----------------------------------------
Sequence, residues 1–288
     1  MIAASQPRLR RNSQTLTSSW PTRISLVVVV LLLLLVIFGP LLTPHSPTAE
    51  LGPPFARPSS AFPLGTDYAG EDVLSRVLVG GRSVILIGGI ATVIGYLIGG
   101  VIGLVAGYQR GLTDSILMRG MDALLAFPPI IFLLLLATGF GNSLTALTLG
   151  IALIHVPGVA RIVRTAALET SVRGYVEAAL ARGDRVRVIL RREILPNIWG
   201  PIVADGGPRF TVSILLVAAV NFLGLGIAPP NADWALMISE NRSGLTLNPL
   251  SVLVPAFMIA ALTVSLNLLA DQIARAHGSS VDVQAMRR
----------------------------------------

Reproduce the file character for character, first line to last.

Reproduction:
Sequence, residues 1–288
     1  MIAASQPRLR RNSQTLTSSW PTRISLVVVV LLLLLVIFGP LLTPHSPTAE
    51  LGPPFARPSS AFPLGTDYAG EDVLSRVLVG GRSVILIGGI ATVIGYLIGG
   101  VIGLVAGYQR GLTDSILMRG MDALLAFPPI IFLLLLATGF GNSLTALTLG
   151  IALIHVPGVA RIVRTAALET SVRGYVEAAL ARGDRVRVIL RREILPNIWG
   201  PIVADGGPRF TVSILLVAAV NFLGLGIAPP NADWALMISE NRSGLTLNPL
   251  SVLVPAFMIA ALTVSLNLLA DQIARAHGSS VDVQAMRR